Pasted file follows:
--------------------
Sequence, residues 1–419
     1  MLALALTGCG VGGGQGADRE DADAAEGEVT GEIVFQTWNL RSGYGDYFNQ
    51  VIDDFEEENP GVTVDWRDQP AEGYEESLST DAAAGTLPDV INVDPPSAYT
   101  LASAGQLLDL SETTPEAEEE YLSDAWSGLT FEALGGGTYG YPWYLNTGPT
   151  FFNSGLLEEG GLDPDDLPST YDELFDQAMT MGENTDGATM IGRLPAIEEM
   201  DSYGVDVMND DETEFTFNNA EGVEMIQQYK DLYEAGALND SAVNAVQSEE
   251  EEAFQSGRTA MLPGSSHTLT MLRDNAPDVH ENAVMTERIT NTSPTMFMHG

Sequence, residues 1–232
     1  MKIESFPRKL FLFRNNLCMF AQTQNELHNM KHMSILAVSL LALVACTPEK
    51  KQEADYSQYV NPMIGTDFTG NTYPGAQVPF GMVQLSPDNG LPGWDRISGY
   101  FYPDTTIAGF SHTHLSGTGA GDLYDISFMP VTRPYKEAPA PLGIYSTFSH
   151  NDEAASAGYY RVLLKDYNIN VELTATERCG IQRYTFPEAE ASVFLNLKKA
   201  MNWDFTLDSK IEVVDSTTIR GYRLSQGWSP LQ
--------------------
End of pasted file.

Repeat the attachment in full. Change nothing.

Sequence, residues 1–419
     1  MLALALTGCG VGGGQGADRE DADAAEGEVT GEIVFQTWNL RSGYGDYFNQ
    51  VIDDFEEENP GVTVDWRDQP AEGYEESLST DAAAGTLPDV INVDPPSAYT
   101  LASAGQLLDL SETTPEAEEE YLSDAWSGLT FEALGGGTYG YPWYLNTGPT
   151  FFNSGLLEEG GLDPDDLPST YDELFDQAMT MGENTDGATM IGRLPAIEEM
   201  DSYGVDVMND DETEFTFNNA EGVEMIQQYK DLYEAGALND SAVNAVQSEE
   251  EEAFQSGRTA MLPGSSHTLT MLRDNAPDVH ENAVMTERIT NTSPTMFMHG

Sequence, residues 1–232
     1  MKIESFPRKL FLFRNNLCMF AQTQNELHNM KHMSILAVSL LALVACTPEK
    51  KQEADYSQYV NPMIGTDFTG NTYPGAQVPF GMVQLSPDNG LPGWDRISGY
   101  FYPDTTIAGF SHTHLSGTGA GDLYDISFMP VTRPYKEAPA PLGIYSTFSH
   151  NDEAASAGYY RVLLKDYNIN VELTATERCG IQRYTFPEAE ASVFLNLKKA
   201  MNWDFTLDSK IEVVDSTTIR GYRLSQGWSP LQ